Growing up in West Tampa, there was a learning institution that had nothing to do with formal education, yet some of life’s most valuable lessons were learned there. The name of that institution was West Tampa Little League. In fact, you might say that some kids got their first opportunity at on-the-spot career training there, be it as a future player, coach, umpire, politician, or entrepreneur. One of those kids was a boy by the name of Mark Beiro. He was a few years older than me, and although I can’t say that I knew him personally, it was almost impossible not to know of him. He had one of those vibrant personalities that made him stand out in the crowd. And that personality would ultimately find a place to come alive and thrive in when Mark discovered his true calling, which happened to be behind a microphone. I can remember anxiously approaching the fields on Saturday morning, and hearing him announcing the player’s names with an emphasis and precision that immediately validated each child just for participating. His play by plays made us all feel like we were in the big leagues. He made the games special through the passion he displayed for announcing. And the rest is history. His voice would lead him from the fields of West Tampa to the Tampa Jai Alai Fronton, Professional Boxing, Battlebots, and various radio programs. Through the years, Mark has continued to make a name for himself in the world of broadcasting. This Thursday, he will be a guest on The Tamap Natives Show for the second consecutive week, sharing his memories of growing up in Tampa. Don’t miss your chance to get to know one of Tampa’s legendary personalities. Call in, live, and say hello to Mark Beiro.
Tony Zappone was a very young photagrapher when he got the opportunity of a lifetime. Days before John F. Kennedy was assasinated, he visited Tampa, FL, and Mr. Zappone was there to capture some timeless images of one of the most beloved presidents in U.S. history. The following paragraph’s are Big 13.com’s account of this special moment in time:
“The day was sunny, mild and clear…somewhere in the mid-70’s. It was perfect Florida weather and excellent for taking pictures. If it was slightly cool in the shade, the adrenalin of JFK’s visit warmed the onlooker’s body to a comfortable temperature. Despite the lack of any serious humidity, Kennedy, apparently a quick change artist, switched his suit three times during his five-hour visit. An aide carried extra clothes in a bag that remained undetected by the press and spectators. He made the changes of clothes in the helicopter on the way to Al Lopez Field, after his appearance at the International Inn and in an anteroom behind the speaker’s platform at Ft. Homer Hesterly Armory.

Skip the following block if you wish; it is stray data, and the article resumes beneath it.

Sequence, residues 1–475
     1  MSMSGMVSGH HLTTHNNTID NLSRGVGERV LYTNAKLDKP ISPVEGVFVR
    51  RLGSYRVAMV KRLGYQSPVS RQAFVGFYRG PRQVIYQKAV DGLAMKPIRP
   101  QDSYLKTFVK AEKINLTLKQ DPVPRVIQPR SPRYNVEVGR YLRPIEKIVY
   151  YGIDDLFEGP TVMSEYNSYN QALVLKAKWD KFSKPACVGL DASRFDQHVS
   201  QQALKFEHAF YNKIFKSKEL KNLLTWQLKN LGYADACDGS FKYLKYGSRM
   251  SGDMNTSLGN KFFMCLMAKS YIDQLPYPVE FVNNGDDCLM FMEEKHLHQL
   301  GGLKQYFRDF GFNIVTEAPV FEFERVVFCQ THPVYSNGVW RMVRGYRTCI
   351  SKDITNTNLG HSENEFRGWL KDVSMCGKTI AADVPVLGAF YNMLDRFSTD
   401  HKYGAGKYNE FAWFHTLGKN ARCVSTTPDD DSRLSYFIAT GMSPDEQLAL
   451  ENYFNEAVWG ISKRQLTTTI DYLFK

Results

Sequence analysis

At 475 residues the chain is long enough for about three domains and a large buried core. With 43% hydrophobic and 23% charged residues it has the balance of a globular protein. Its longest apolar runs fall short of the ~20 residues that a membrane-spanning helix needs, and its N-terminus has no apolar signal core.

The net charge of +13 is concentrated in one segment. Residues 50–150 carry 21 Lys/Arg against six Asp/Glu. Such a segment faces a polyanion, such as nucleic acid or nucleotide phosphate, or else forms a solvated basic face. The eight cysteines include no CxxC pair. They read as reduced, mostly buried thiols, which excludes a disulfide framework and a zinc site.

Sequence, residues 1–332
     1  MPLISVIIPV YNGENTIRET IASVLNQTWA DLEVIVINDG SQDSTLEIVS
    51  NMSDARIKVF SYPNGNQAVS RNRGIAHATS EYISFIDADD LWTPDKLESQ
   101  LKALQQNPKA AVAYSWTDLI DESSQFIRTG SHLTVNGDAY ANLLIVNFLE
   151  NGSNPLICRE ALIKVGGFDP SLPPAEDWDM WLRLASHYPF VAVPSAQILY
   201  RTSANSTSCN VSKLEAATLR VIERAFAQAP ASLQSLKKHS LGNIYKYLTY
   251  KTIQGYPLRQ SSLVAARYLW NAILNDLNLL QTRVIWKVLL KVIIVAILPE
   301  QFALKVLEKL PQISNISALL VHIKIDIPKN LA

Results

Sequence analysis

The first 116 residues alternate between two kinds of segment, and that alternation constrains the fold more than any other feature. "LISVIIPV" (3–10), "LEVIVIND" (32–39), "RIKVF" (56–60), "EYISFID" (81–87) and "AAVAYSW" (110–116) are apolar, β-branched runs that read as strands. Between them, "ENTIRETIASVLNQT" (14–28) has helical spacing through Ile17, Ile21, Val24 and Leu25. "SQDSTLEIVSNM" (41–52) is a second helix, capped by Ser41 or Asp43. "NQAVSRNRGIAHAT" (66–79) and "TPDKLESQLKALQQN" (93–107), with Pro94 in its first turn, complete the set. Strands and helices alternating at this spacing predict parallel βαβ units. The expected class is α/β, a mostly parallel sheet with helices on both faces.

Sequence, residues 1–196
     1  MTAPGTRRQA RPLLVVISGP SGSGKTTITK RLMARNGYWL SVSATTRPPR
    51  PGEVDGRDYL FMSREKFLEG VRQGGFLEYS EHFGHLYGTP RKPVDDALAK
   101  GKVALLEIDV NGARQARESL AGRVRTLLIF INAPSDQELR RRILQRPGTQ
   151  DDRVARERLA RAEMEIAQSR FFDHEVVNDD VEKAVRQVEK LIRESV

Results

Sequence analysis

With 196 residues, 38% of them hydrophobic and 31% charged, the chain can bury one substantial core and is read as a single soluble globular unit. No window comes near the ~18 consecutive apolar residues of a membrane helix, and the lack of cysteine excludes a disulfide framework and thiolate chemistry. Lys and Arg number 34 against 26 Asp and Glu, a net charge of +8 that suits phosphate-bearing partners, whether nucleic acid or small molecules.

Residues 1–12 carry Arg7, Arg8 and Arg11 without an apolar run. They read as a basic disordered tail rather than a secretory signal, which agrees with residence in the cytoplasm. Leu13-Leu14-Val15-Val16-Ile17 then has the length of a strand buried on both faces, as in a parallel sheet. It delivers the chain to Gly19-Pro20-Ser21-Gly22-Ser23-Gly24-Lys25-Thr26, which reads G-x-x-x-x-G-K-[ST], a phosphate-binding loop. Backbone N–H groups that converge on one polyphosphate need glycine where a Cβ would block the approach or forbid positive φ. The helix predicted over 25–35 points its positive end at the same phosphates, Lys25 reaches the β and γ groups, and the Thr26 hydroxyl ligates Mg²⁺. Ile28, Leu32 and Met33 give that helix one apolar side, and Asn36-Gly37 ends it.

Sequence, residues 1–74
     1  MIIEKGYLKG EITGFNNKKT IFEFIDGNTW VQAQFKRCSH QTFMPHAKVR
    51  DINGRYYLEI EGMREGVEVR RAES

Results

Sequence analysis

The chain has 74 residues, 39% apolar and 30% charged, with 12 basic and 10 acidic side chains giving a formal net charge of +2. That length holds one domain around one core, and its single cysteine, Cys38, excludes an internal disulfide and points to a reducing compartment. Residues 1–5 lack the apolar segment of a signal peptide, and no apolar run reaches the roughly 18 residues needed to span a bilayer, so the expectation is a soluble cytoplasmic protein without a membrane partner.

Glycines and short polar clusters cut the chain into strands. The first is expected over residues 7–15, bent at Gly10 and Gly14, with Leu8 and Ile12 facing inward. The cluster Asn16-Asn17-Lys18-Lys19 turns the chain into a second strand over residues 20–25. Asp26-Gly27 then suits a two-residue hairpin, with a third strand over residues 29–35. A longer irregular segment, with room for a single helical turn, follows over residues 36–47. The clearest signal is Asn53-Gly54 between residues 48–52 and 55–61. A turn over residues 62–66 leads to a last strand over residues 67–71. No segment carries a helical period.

Air Force One, the official plane of the chief executive, set down precisely on schedule at 11:24 that morning. Members of the local press were taken by bus to the tarmac and assumed their positions atop a flatbed truck loaned for the day by the Florida Steel Corporation. Things were fine until the national press corps stormed out of Air Force One to join us on the truck and more or less took over. I learned the game really fast and edged them off to the side like I owned the place.
Less than a minute later the man I had wanted to see in person for so long walked out the tail exit and down the stairs. Kennedy looked exactly as I had seen him many times on TV, in films, in magazines and in the newspaper. The leader of the free world was just as “bigger than life” in person as I had imagined him to be. He carried a hat in his right hand and hardly let go of it the entire trip. JFK was in Tampa without his admired first lady Jacqueline, who stayed in Washington to care for other business.”
View this moment in Tampa’s rich history, alongside many other memorable images. Visit Tampapix today, and watch the I Remember Tampa video, as you click through the countless links that lead to the sources of each picture in the video. And don’t forget to visit the Tampa Natives Show website, too, where there are archived episodes specifically dealing with WTVT Channel 13, Tony Zappone, and various other topics dedicated to remembering Tampa’s colorful past.